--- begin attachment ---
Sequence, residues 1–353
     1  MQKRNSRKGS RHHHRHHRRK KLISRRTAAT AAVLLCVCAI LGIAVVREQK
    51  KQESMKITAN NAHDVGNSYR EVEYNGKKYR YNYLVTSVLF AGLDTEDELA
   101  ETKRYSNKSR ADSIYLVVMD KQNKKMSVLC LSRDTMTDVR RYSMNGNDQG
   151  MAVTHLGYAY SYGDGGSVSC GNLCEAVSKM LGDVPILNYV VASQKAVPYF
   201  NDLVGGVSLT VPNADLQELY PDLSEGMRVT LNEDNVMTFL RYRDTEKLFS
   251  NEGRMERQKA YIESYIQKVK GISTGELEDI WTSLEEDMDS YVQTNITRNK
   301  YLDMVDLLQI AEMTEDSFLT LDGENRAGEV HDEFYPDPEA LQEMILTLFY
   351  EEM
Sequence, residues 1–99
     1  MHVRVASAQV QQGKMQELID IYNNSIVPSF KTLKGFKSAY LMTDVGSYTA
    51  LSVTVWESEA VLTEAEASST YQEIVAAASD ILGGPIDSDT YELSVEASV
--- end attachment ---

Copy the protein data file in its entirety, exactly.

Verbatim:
Sequence, residues 1–353
     1  MQKRNSRKGS RHHHRHHRRK KLISRRTAAT AAVLLCVCAI LGIAVVREQK
    51  KQESMKITAN NAHDVGNSYR EVEYNGKKYR YNYLVTSVLF AGLDTEDELA
   101  ETKRYSNKSR ADSIYLVVMD KQNKKMSVLC LSRDTMTDVR RYSMNGNDQG
   151  MAVTHLGYAY SYGDGGSVSC GNLCEAVSKM LGDVPILNYV VASQKAVPYF
   201  NDLVGGVSLT VPNADLQELY PDLSEGMRVT LNEDNVMTFL RYRDTEKLFS
   251  NEGRMERQKA YIESYIQKVK GISTGELEDI WTSLEEDMDS YVQTNITRNK
   301  YLDMVDLLQI AEMTEDSFLT LDGENRAGEV HDEFYPDPEA LQEMILTLFY
   351  EEM
Sequence, residues 1–99
     1  MHVRVASAQV QQGKMQELID IYNNSIVPSF KTLKGFKSAY LMTDVGSYTA
    51  LSVTVWESEA VLTEAEASST YQEIVAAASD ILGGPIDSDT YELSVEASV